The research presented in this paper uses a qualitative comparative research design. The aim is to make a comparison between intercultural teaching practices in two European contexts; Italy and the Netherlands. By comparing two cases, we try to understand if intercultural teaching practices are similar or differ between these contexts. With these analyses, we link to European and national recommendations to see in what way they are translated to actual classroom practices, and if improvements can be made. Context for data collection/research projects For the Dutch context, data for this study was collected during a design-based research project in which teachers together with the researcher planned a 3-week project to bring forward more of the children’s cultural background in the classroom and use these backgrounds as a resource in learning activities. Aim of this project was to make the children more aware of their multicultural (and multilingual) environment and positively influence their intercultural sensitivity/competence. For the Italian context, data for this study was collected during a larger research project examining teachers’ conceptions on cultural diversity and their relation in the transition from theory to practice, seen as fundamental in education. The study also focused on investigating the discrepancy between teachers’ intentions and their teaching activities (Agostinetto & Bugno, 2016). Analysis We used several data types collected during the above mentioned research projects: videotaped and transcribed classroom interactions (Dutch context), observations and field notes of classroom interactions (Italian context), and interviews with teachers (Dutch and Italian context). The analysis of the data for this research is still ongoing, and takes a bottom up approach. We considered similarities and differences between a first analysis of classroom interactions and descriptions of teaching practices from the interviews. These instances were discussed and several similar types of teacher practices arose from these examples. From these types we will show the distance to recommendation on European/international level and make suggestions about how to bring them closer together.
First results of the comparison of the two contexts show a lot of similar ‘weak teaching practices’, practices that do not favour intercultural interactions. Types of weak actions that were found are use of stereotypes, missed opportunities for promoting intercultural aspects, the mistake of considering culture as something fixed and addressing young children as experts of this fixed culture. These first results show unclear concepts lacking practical suggestions for realization, and a vague understanding of "the intercultural" by teachers. Relating these categories to the policy documents, as well as describing the distance between what we observed in real interactions and the intercultural goals and pedagogical recommendations will be the final steps of our work. Discussion One of the targets of this study is to exchange knowledge on interculturality, diversity and schooling by comparing empirical research from Italy and the Netherlands. The first findings reveal the need for a better alignment between European pedagogical recommendations, national policies, intercultural goals, and teaching practices. For this, we need more research on actual teaching practices (Gay, 2015). As intercultural classroom interactions are very complex, they should appear more in empirical research, that is not just focusing on recommending what should be done, but on showing what is happening. This paper focuses on a comparison between the analyses of in-service teachers’ educational actions conducted in small scale research projects in both the countries and even if the analysis is still in progress, similar weak practices were noticed in the two contexts. We believe that peer learning and sharing knowledge could be beneficial for relating theory, perspectives and actions on interculturality. As a first step of a future research collaboration, this study moves toward the internationalization of research about intercultural education at school.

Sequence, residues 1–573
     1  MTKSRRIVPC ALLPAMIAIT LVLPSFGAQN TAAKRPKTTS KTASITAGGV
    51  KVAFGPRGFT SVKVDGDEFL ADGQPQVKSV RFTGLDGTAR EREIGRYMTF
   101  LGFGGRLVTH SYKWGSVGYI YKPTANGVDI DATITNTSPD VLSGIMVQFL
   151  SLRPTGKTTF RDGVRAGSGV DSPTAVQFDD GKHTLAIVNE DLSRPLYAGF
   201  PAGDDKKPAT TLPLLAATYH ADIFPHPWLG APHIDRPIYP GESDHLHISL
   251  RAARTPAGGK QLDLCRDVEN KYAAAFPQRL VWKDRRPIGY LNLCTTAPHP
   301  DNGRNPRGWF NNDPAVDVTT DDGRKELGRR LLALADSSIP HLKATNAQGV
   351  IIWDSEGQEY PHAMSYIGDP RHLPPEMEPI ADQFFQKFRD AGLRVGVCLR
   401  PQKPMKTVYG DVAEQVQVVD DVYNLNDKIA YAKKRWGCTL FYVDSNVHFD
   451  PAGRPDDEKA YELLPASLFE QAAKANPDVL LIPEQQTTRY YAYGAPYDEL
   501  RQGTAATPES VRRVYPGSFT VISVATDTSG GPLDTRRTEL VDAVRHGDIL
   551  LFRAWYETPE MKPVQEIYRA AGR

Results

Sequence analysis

•Agostinetto, L., Bugno, L. (2016). Towards congruence between teachers’ intentions and practice in intercultural education. First results of an Italian qualitative research. Manuscript submitted for publication •European Commission (2017). Preparing teachers for diversity, the role of initial teacher education. Luxembourg: Publications Office of the European Union. Retrieved from http://www.readyproject.eu/uploads/files/1502579119PreparingTeachersforDiversity.pdf •Gay, G. (2015) Teacher’s beliefs about cultural diversity, problems and possibilities. In Fives, H. Gregoire Gill, M. (Eds.) International handbook of research on teacher’s beliefs. (p. 436-452). New York, NY: Routledge. •Ministry of Education, Culture and Science (2017) Letter to parlement on strengthening citizenship education (kamerbrief over het versterken van burgerschapsonderwijs). Den Haag. Retrieved from https://www.rijksoverheid.nl/documenten/kamerstukken/2017/02/07/kamerbrief-over-versterking-burgerschapsonderwijs •Miur (2007). La via italiana per la scuola interculturale e l'integrazione degli alunni stranieri. (The Italian way for an intercultural school and integration of foreign students). Retreived from http://hubmiur.pubblica.istruzione.it/alfresco/d/d/workspace/SpacesStore/cecf0709-e9dc-4387-a922-eb5e63c5bab5/documento_di_indirizzo.pdf •OECD (2017) Trends shaping Education spotlight 11. People on the Move. OECD Publishing. Retrieved from: https://www.oecd.org/edu/ceri/spotlight11-PeopleontheMove.pdf •UNESCO (2006) Unesco Guidelines on Intercultural education. Paris: Unesco. Retrieved from http://unesdoc.unesco.org/images/0014/001478/147878e.pdf